On this basis we can hone our understanding of the poem not just as an attempt by Mercader to batter his way into history (as Alan Bold suggests in the Cambridge Book of English Verse), nor simply the action of an impatient and fairly perverse would-be mystic, but a rebellion against society and culture in the most fundamental sense by a man who cannot content himself with "mere" political or artistic rebellion. These methods prove ultimately unsatisfactory for our speaker, as they are mediated by the symbolic realms of politics and literature.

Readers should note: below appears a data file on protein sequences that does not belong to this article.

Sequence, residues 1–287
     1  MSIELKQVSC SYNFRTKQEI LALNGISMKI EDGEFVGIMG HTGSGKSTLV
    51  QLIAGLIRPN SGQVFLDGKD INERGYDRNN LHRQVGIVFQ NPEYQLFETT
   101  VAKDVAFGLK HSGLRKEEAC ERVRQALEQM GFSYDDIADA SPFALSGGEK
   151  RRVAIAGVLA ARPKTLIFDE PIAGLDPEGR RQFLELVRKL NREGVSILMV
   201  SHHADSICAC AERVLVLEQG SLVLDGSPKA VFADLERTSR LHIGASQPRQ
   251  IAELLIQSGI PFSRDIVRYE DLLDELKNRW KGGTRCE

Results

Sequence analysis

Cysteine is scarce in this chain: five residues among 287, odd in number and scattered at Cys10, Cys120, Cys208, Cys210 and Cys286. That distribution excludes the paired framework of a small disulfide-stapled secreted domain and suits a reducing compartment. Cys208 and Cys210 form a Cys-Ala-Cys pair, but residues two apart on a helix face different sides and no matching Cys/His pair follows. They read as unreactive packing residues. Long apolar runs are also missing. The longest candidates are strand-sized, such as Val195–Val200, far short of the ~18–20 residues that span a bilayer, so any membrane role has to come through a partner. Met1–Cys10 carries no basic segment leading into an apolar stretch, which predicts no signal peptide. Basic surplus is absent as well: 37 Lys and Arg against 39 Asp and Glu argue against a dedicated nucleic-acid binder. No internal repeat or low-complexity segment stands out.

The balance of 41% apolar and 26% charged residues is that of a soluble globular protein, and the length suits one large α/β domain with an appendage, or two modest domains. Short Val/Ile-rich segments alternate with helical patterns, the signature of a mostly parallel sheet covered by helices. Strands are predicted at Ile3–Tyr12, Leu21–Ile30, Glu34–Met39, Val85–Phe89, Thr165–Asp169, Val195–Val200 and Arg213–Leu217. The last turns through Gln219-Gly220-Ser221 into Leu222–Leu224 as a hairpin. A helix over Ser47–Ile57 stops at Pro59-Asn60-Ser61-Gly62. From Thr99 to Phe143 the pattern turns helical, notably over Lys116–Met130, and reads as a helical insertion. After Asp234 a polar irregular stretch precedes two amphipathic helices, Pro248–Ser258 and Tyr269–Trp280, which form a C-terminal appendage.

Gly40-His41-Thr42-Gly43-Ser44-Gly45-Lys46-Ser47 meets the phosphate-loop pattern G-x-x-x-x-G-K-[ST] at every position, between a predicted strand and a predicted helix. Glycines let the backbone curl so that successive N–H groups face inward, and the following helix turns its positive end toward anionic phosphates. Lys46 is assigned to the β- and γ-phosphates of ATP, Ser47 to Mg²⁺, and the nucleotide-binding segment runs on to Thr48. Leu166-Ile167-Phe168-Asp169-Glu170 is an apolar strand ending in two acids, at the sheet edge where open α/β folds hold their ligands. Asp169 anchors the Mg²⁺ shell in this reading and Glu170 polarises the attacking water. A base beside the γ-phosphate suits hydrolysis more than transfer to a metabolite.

Paper litters the poem, first appearing as having "rasped pages" that "snap and crackle," mirroring the "summer thunder" and simmering static that accompanies the radio broadcast of Scriabin's tone poem in "Prometheus" ("A," 7, 12; "P," 1, 5). In "Prometheus" this noise is the effect of a summer thunderstorm on a radio broadcast, serving to underscore the artificial nature of the "mock last-day" in Scriabin's work ("P," 6). Such noises come to take on a particular significance in both poems, acting as a harbinger of transcendent aspirations gone awry; intention without the temperance of form that would render it meaningful. The rustle of Trotsky's papers in the latter poem is an effect of crisp "October air," a reminder that both men are doomed to go down with the whirlwind, Trotsky's own participation in the October Revolution being just as immoral and misguided as Mercader's act ("A," 12). The paper itself, an article Mercader had Trotsky read as a pretext for entering his office, is an abortive attempt at political engagement mediated by language, which Mercader abandons for his quest to transcend history through the more immediate method of violence. The most interesting suggestion of the image of Trotsky in the moment after the attack is the speaker's apparent perception of his quarry as a man made out of paper who disintegrates when struck by Mercader: "The blood wells. Prepared for this / This I can bear. But papers / Snow to the ground with a whispered roar" ("A," 31–33). This description can be explained in a fairly direct fashion since Trotsky was a prolific writer, but with regard to Mercader's critical view toward a mediated perception [End Page 189] of reality, he comes to see his victim as an embodiment of linguistic abstraction. At the same time, focusing on the papers serves to shield Mercader from the carnality of his act, which is inescapably material and therefore entirely at odds with his aspirations toward transcending the material realm of history.